École Saint-Paul parents ponder constitutional challenge over closure

A committee opposed to the pending closure of École Saint-Paul in Kent County is considering taking the provincial government to court in a constitutional challenge.

About 100 people demonstrated Friday against June closure of K-8 francophone school in Kent County

École Saint-Paul, which has only 60 K-8 students, is slated for closure in June. (Ecole Saint Paul/Facebook)

A committee opposed to the pending closure of École Saint-Paul in Kent County is considering taking the provincial government to court in a constitutional challenge.

The announcement was made during a demonstration that attracted about 100 people outside the K-8 school in Saint-Paul de Kent on Friday morning.

The Committee to Save St-Paul Francophone School argues the planned closure in June is unconstitutional, as it conflicts with Section 23 of the Canadian Charter of Rights and Freedoms.

Marc Henri, co-chair of the committee to Save St-Paul Francophone School, says the plan to close the school in June is unacceptable. (Suzanne Lapointe/CBC)
Section 23 outlines the right to French-language education to children outside of Quebec, as well as the right to an English-language education to children in Quebec.

"It's not acceptable," said Marc Henri, co-chair of the committee, which has hired two lawyers.

"We need this tool to give their children the chance to learn French and maintain our culture and our vitality in St-Paul, the Acadian community."

Henri cites a similar case in Summerside, P.E.I., which made it all the way to the Supreme Court of Canada.

Parents were pushing for the construction of a new French school, because their children had to travel almost an hour to a French school in the Évangéline region.

"The Supreme Court decided that if having no school, or a school closure, would negatively affect the impact of the French language in P.E.I., because it is the minority language, it's going against [Section] 23."

'Informed decision'

Last week, Education Minister Serge Rousselle approved the decision of the Francophone South School District Education Council (DEC) to close the school.

The DEC had conducted a review last winter and determined the school, which has only 60 students, is not viable.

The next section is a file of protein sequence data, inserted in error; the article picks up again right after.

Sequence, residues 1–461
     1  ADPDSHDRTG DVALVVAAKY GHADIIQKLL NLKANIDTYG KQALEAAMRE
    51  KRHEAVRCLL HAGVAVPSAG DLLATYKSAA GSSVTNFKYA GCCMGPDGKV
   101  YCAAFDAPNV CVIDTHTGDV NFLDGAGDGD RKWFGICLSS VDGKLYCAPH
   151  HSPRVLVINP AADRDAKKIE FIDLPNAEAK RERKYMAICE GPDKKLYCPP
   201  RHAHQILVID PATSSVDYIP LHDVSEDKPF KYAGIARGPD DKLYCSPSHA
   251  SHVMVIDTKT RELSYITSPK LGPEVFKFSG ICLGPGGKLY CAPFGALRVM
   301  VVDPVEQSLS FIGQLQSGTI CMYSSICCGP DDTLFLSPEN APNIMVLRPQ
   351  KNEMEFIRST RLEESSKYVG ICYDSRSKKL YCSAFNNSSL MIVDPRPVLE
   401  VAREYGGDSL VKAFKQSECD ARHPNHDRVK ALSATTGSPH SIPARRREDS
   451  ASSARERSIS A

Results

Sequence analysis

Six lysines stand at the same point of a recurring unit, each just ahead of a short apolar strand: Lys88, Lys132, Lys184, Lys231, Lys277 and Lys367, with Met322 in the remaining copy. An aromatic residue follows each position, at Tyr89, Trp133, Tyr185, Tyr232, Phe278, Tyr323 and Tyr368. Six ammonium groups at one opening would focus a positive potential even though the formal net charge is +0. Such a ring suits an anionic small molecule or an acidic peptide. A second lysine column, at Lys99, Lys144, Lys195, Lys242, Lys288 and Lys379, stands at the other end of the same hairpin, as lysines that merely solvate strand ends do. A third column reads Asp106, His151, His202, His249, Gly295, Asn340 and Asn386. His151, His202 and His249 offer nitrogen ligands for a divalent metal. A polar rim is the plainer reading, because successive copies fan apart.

DEC president Gérard McKen stands by the Feb. 2 decision. 

"The Education Council is convinced that we took an informed decision and respected Section 23 of the Canadian Charter of Rights and Freedoms, as the legal advice we obtained confirms," he said in a written statement, issued in French, on Friday.

The Department of Education also stands by the decision, said spokeswoman Leah Fitzgerald.

"The Minister's decision to approve the recommendation of the DSF-S District Education Council to close École Saint-Paul was based on the thorough file submitted by the DEC and received by the minister on February 4. This file clearly demonstrates that Policy 409 was respected, as well as the legal and constitutional requirements," she said in an emailed statement.

And while the DEC had subsequently recommended on March 30 a one-year moratorium on the closure, pending a socio-linguistic study to better understand the impact it would have on the town's francophone community, that was only if the minister requested further study, said Fitzgerald.

'Assassination of another community'

Still, parents, staff members and area residents opposed the closure.

Parent Bernie Melanson says the approximately 100 people who attended Friday's protest against the school closure was a strong show of solidarity. (Suzanne Lapointe/CBC)
Bernie Melanson, who has a child in Grade 7, at the school, believes the closure will stop people from moving to the community.

"It's the assassination of another community, by taking out what makes families want to come and experience rural life," he said.

Melanson describes the turnout to the protest as a strong "show of solidarity."

The committee is being represented by Bathurst-based lawyer Basile Chiasson, as well as Dieppe-based lawyer André Daigle.